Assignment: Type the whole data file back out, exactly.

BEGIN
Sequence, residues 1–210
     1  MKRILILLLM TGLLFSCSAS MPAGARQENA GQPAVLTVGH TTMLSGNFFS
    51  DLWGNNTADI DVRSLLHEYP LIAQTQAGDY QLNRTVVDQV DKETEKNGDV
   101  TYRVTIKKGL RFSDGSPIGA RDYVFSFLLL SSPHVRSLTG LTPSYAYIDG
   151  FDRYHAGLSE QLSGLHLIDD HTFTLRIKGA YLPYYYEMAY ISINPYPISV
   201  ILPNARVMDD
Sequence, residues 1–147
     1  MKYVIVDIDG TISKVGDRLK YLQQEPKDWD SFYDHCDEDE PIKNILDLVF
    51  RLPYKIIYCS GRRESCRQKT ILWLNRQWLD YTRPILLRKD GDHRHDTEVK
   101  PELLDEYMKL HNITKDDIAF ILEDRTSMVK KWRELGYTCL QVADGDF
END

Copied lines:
Sequence, residues 1–210
     1  MKRILILLLM TGLLFSCSAS MPAGARQENA GQPAVLTVGH TTMLSGNFFS
    51  DLWGNNTADI DVRSLLHEYP LIAQTQAGDY QLNRTVVDQV DKETEKNGDV
   101  TYRVTIKKGL RFSDGSPIGA RDYVFSFLLL SSPHVRSLTG LTPSYAYIDG
   151  FDRYHAGLSE QLSGLHLIDD HTFTLRIKGA YLPYYYEMAY ISINPYPISV
   201  ILPNARVMDD
Sequence, residues 1–147
     1  MKYVIVDIDG TISKVGDRLK YLQQEPKDWD SFYDHCDEDE PIKNILDLVF
    51  RLPYKIIYCS GRRESCRQKT ILWLNRQWLD YTRPILLRKD GDHRHDTEVK
   101  PELLDEYMKL HNITKDDIAF ILEDRTSMVK KWRELGYTCL QVADGDF